A large number of faint galaxies, born less than a billion years after the Big Bang, have recently been discovered1,2,3,4,5,6. Fluctuations in the distribution of these galaxies contributed to a scatter in the ionization fraction of cosmic hydrogen on scales of tens of megaparsecs, as observed along the lines of sight to the earliest known quasars7,8,9. Theoretical simulations predict that the formation of dwarf galaxies should have been suppressed after cosmic hydrogen was reionized10,11,12,13, leading to a drop in the cosmic star-formation rate14. Here we report evidence for this suppression. We show that the post-reionization galaxies that produced most of the ionizing radiation at a redshift z ≈ 5.5 must have had a mass in excess of ∼1010.9 ± 0.5 solar masses (M⊙) or else the aforementioned scatter would have been smaller than observed. This limiting mass is two orders of magnitude larger than the galaxy mass that is thought to have dominated the reionization of cosmic hydrogen (∼108M⊙). We predict that future surveys with space-based infrared telescopes will detect a population of smaller galaxies that reionized the Universe at an earlier time, before the epoch of dwarf galaxy suppression.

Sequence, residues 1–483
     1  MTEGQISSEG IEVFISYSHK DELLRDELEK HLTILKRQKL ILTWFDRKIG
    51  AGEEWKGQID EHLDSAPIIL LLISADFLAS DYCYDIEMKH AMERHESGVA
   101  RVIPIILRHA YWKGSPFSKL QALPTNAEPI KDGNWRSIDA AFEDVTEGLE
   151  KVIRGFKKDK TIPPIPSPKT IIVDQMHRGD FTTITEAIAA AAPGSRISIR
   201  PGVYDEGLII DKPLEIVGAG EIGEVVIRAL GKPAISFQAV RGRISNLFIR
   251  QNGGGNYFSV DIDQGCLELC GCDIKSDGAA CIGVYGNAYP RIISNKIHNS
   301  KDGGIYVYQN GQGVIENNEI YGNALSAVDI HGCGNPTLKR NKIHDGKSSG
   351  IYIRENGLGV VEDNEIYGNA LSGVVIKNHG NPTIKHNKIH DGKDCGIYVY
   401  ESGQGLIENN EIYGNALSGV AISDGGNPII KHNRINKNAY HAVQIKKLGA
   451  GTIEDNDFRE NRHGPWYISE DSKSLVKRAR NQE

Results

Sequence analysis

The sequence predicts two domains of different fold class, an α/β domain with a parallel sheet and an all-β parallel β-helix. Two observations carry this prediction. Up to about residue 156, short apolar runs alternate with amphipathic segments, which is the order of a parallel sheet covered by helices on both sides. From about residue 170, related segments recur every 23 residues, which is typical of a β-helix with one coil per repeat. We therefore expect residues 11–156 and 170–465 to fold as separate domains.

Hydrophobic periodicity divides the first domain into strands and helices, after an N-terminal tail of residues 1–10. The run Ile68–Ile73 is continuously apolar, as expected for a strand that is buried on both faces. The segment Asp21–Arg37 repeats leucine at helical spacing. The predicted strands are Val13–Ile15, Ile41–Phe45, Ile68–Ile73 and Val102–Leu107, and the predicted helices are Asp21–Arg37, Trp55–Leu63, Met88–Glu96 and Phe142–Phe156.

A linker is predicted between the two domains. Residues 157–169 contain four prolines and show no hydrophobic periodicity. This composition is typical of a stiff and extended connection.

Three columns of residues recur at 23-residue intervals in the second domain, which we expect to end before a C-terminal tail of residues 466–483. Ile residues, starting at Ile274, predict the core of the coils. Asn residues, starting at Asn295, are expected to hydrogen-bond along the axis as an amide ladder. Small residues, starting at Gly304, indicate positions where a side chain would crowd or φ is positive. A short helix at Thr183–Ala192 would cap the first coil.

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This work was supported in part by grants from ARC, NSF and NASA. We acknowledge helpful discussions with A. Lidz regarding this work.
Reprints and permissions information is available at npg.nature.com/reprintsandpermissions. The authors declare no competing financial interests.
The Letter to Nature with the above title interprets the observed luminosity function of z~6 galaxies and the large-scale fluctuations in the Lyman-alpha optical depth towards z~6 quasars, based on a detailed theoretical model. This supplement provides full details on the basic version of this model as well as its variants. (PDF 620 kb)
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Wyithe, J., Loeb, A. Suppression of dwarf galaxy formation by cosmic reionization. Nature 441, 322–324 (2006). https://doi.org/10.1038/nature04748
Space Science Reviews (2007)